Bloomberg News

Wool Extending Rally to 16-Year High as Global Supplies Shrink

June 16, 2011

June 17 (Bloomberg) -- Wool prices in Australia, the world’s biggest producer and exporter, may extend gains from the highest level in at least 16 years before new supplies later in the year bring down costs, according to Raymond Ltd.

Benchmark prices in Australia have surged 39 percent this year, heading for the best annual gain in nine-years. Prices touched A$14.31 ($15) a kilogram yesterday, the highest since at least July 1995, according to Bloomberg data, as supplies shrank and European buyers restocked. In South Africa, wool is at the highest level in more than a decade.

“Wool prices have been on an exceptional rise,” Aniruddha Deshmukh, president of textiles with Raymond, India’s biggest maker of woolen fabrics, said in e-mailed responses to Bloomberg News. “While it is believed that the prices of wool would continue to move up, we expect that in another two or three months, when the new clip hits the market there may be a price drop, only to firm up later in the year.”

Global wool output has fallen to the lowest level in about 85 years, with Australian production at similar lows, according to the International Wool Textile Organization. Wool is catching up with rallies in other farm commodities from cotton to wheat and corn, as rising raw material costs stoke inflation worldwide.

“Demand and supply are looking strong enough at least to keep these prices going,” Anthony Boatman, risk manager for wool at Landmark, a unit of Calgary-based Agrium Inc., said in an interview from Melbourne yesterday. “Supply is fairly constrained and that’s particularly showing at the moment.”

Wool in Australia climbed to a record A$15.84 in April 1988, Landmark said in February.

Cotton at Record

Cotton prices surged to a record $2.197 a pound in New York on March 7. Wheat is up 47 percent in the past year, while corn has increased 72 percent. Wool’s 39 percent gain this year exceeds that of corn, silver, coffee and gold.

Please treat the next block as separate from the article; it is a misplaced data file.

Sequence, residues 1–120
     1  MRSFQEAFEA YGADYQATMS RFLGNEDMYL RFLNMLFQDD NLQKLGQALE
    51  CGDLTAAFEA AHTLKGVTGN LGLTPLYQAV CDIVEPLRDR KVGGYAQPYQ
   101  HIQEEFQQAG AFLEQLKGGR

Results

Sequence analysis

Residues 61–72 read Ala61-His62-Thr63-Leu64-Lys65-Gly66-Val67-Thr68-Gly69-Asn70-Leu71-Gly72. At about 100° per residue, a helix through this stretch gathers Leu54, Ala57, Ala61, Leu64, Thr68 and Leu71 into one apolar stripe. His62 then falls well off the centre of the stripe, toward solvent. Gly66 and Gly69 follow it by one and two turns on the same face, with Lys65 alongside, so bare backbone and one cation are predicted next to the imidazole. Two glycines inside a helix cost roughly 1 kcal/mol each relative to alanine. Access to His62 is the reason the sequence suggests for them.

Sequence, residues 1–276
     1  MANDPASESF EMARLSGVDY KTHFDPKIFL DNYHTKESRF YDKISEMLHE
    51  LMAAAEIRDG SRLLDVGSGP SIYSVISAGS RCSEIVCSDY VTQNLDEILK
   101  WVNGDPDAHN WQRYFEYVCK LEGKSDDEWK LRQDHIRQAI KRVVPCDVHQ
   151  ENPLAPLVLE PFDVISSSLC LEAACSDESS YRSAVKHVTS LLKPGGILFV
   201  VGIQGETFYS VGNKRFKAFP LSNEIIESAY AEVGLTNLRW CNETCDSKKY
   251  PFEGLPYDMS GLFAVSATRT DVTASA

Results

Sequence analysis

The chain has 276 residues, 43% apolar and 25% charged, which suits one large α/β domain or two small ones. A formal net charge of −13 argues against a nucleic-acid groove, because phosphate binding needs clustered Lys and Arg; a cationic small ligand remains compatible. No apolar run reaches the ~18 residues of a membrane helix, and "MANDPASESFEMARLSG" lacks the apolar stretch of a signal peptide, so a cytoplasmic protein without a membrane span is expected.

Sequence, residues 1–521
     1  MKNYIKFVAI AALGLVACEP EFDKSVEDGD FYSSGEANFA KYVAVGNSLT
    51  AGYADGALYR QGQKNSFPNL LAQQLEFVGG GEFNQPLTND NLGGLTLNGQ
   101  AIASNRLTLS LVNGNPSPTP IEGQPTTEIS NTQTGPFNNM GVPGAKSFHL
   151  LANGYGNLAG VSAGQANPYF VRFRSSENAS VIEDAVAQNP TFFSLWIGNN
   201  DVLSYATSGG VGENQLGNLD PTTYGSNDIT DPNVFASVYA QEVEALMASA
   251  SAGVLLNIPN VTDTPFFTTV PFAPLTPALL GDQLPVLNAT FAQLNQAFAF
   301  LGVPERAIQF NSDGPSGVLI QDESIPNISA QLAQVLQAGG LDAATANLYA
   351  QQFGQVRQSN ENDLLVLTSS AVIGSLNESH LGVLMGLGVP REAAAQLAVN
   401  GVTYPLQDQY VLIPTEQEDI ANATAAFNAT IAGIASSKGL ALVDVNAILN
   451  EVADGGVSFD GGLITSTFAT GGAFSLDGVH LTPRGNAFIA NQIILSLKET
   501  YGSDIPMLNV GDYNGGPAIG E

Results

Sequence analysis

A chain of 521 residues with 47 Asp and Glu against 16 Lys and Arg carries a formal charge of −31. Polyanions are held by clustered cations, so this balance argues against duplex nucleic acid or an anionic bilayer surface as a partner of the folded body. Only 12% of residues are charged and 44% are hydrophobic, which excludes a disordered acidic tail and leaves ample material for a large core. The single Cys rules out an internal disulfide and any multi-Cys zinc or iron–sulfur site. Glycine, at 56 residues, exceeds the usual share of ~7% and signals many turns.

“Initially this rise was attributed to inflation, later it was related to abnormal increase in prices of other fibers led by cotton,” Deshmukh said. “Currently at the end of the season, the short-supply of wool is further increasing its price.”

Global wool output will be 1,098.8 million kilograms clean weight in 2011-2012, little changed from a year earlier, Chris Wilcox, chairman of International Wool Textile Organization’s market intelligence committee said. That’s the lowest in about 85 years, he said in an e-mail. In Australia, production is forecast at 340 million kilograms greasy weight in 2010-2011, the lowest since 1924-25, he said.

Indian Demand

India was the second-biggest buyer of Australian wool in 2009-2010 behind China, according to the Australian Bureau of Agricultural & Resource Economics & Sciences.

Higher wool prices may increase the cost of clothing in India next winter, with wool purchased now to make garments for the next cold season, D.K. Nair, secretary-general of the Confederation of Indian Textiles Industry, said on June 2.

More expensive wool will increase costs for textile and apparel makers and may add to inflationary pressures as consumers face pricier clothes. Central banks from China to India and the European Union have been raising rates to restrain the pace of price gains.

“Economies are slowly getting back on track and demand is increasing for luxury items, which wool is,” said Landmark’s Boatman. “Most retail sectors are fairly cutthroat in the way that they price but if the demand’s there then people will pay the price.”

--Editors: Thomas Kutty Abraham, Jarrett Banks

To contact the reporters on this story: Madelene Pearson in Mumbai at mpearson1@bloomberg.net; Phoebe Sedgman in Wellington at psedgman2@bloomberg.net

To contact the editor responsible for this story: James Poole at jpoole4@bloomberg.net;


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